Mountain Men came before John Colt made everyone equal. Modern weapons offered multiple semi auto shooting and handguns with multiple round clips. If a shooter is prepared, they can get off dozens of rounds a minute.
Now let us look at the Mountain Man arsenal. Jim Bridger and many Mountain Men carried as much firepower and weaponry as possible. In most scenarios, they were outnumbered.
Let’s look at what a Mountain Man carried!
MUZZEL LOADED RIFLES If they could afford it, they carried a Hawken rifle. Calibers varied but if was a Hawken, it was reliable and accurate. Other brands, not so much. If the gun broke in the field, it may have become useless. During the Lewis and Clark expedition, John Shields was the groups gunsmith. He was able to keep the expeditions armament operating during the entire expedition. Even their air rifle survived the 2-year expedition.
A good shooter may get 2 rounds off a minute, if they were organized and prepared. Range was good. A good shooter could hit a target out to 800 yards. Even at 200 -400 yards the rifle was effective. Sadly, most encounters were ambushes. Once the rifle was empty, it served as a club. It was time to bring out their backup weapons.
PISTOLS If a mountain man had some money, they may have owned several backup pistols. If they were flintlocks or percussion, they were inaccurate. Maybe you could hit a target at under 10 yards.
HATCHETS Hatchets, axes, or tomahawks were a hand to hand weapon. These weapons were handy around camp and effective in personal combat. They could be thrown or looped around the wrist. These long levers with a sharp head were great tools.
KNIVES Knives were essential for most Mountain Man tasks. Cutting, butchering, protection, or … They were also the last line of defense. A knife could be thrown but then it was gone. Multiple knives were not uncommon. A knife in the boot, on the belt, strung around the neck to cut patches, or anywhere it was accessible. All would be sharp and ready for action.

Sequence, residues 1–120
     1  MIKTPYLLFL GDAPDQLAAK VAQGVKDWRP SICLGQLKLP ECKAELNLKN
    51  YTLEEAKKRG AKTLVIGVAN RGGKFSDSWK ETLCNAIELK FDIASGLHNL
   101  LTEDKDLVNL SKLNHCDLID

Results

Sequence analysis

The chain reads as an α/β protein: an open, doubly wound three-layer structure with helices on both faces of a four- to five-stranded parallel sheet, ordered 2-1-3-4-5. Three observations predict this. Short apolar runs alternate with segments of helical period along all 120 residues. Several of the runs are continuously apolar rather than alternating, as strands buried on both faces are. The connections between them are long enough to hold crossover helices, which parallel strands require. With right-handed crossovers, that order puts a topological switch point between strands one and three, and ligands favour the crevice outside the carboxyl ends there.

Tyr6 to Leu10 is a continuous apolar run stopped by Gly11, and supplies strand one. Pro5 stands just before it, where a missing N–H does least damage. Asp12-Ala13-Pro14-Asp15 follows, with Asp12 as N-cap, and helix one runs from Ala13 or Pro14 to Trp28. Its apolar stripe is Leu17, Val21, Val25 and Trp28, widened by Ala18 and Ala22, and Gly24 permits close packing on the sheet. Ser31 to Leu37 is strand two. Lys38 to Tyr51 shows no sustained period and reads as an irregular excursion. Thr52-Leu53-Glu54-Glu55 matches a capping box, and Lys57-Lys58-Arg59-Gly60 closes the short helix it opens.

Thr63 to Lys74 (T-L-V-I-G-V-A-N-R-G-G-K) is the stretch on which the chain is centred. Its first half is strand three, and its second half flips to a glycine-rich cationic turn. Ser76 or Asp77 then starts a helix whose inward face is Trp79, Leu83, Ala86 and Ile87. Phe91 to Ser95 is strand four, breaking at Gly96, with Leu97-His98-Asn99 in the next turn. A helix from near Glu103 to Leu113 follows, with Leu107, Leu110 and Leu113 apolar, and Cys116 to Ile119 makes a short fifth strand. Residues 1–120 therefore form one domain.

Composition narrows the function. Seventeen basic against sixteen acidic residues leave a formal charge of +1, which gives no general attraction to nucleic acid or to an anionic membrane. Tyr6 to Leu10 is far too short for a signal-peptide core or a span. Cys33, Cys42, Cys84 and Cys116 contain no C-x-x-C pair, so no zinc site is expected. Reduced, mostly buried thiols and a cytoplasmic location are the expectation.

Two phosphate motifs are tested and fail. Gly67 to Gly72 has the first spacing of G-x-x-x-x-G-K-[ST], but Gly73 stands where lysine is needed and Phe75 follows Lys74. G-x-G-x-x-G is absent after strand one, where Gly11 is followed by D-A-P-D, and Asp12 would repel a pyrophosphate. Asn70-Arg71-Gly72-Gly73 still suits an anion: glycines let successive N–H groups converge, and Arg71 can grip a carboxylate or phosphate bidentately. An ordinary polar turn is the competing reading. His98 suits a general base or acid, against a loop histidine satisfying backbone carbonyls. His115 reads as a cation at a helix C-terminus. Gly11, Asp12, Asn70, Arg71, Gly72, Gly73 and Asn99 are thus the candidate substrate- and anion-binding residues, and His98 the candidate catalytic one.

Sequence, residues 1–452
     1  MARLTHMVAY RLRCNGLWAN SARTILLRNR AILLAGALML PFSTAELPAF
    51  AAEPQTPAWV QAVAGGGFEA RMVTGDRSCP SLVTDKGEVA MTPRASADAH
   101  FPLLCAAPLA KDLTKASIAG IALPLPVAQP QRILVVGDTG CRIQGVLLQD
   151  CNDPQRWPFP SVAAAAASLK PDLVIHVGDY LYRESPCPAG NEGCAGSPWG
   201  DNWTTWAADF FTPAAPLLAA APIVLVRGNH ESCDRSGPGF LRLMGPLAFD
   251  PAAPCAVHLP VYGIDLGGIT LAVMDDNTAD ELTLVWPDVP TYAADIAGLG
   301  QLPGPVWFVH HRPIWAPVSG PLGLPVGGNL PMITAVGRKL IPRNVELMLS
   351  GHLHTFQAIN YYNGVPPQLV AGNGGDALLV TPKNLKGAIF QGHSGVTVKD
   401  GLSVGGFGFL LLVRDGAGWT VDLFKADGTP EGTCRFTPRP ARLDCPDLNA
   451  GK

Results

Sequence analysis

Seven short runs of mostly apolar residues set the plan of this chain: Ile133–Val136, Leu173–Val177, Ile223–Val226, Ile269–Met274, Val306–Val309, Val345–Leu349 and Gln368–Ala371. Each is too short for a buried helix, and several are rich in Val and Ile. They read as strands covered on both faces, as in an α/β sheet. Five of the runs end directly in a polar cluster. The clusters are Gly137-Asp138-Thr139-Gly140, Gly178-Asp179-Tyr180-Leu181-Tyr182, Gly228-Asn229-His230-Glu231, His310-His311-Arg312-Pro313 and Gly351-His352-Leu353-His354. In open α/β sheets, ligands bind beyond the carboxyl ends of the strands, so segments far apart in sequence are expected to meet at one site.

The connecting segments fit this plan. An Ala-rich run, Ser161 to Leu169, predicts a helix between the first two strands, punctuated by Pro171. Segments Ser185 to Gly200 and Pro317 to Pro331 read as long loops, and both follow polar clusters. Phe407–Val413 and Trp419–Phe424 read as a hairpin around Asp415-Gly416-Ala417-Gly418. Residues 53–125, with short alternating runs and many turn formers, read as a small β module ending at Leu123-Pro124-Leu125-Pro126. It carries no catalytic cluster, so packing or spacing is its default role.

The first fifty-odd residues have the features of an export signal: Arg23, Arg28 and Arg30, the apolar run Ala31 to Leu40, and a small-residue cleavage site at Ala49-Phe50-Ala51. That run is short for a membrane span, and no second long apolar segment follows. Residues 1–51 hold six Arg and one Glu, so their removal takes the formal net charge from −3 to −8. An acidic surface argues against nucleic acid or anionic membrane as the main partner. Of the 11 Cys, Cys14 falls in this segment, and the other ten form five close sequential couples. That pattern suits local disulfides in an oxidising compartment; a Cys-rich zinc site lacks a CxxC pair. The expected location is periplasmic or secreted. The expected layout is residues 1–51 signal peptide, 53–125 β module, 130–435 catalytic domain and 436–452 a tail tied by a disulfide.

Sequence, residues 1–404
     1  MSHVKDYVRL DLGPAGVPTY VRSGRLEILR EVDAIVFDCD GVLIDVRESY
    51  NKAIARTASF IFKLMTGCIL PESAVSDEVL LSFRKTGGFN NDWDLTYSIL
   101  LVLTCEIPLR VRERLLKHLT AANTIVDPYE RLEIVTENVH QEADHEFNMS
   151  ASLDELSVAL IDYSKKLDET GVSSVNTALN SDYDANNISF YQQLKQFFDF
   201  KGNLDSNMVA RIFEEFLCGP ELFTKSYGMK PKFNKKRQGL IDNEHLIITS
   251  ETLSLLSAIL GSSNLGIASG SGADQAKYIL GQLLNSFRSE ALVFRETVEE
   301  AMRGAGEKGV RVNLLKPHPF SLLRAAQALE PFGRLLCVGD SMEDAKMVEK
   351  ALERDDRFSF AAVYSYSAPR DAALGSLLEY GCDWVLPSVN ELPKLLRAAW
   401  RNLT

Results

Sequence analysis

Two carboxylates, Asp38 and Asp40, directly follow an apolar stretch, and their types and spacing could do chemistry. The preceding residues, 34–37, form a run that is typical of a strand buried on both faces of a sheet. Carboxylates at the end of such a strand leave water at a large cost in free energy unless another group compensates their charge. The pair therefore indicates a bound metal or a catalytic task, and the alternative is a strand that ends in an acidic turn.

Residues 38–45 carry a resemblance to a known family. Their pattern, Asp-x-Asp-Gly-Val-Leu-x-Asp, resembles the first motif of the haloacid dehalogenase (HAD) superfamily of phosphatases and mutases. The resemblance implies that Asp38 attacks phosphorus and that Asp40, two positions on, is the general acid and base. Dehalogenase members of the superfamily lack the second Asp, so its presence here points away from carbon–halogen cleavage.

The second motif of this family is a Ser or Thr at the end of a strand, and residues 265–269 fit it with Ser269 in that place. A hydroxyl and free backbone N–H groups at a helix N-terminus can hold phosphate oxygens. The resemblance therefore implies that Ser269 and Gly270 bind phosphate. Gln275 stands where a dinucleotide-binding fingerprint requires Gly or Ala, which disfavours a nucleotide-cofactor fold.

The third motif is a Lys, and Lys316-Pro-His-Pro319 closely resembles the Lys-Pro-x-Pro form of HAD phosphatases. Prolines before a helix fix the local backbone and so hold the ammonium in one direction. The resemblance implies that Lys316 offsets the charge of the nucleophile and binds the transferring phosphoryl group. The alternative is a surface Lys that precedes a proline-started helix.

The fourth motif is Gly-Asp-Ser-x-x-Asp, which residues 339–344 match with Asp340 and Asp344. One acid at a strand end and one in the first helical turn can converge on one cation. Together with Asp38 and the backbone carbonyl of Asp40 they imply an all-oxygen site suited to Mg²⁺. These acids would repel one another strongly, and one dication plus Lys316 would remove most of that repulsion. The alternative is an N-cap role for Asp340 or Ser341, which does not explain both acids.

SHOTGUNS The advantage of a shotgun was 2 shots. You could load it with rocks, nails, or BB’s. Just add powder and a patch. These weapons were perfect for close in combat.
ARMOR Buckskin is not only comfortable, but it is good body armor. The tough hide could prevent serious wounds and injury. Most Mountain Men wore multiple layers which would also help protect them. If a Mountain Man expected a deadly encounter, they would also stuff wood, slabs of stone, or bark under their shirts to protect them.
Most enemies of the Mountain Men were under gunned and had more primitive weapons. Trade rifles were smoothbore and inaccurate. Knives, hatchets, and spears were made of stone or any sharp material available. Stone clubs and simple weapons were good at close range but not afar.
To take on a Mountain Man was important if the enemy wanted weapons. The problem was that it would cost them several shots, stabs, slices, bashes, and fighting to get them. A threatened Mountain Man would not give them up easily.
Shoot center and watch yer topknot!
For more Montana Grant, aim center at www.montanagrantfishing.com.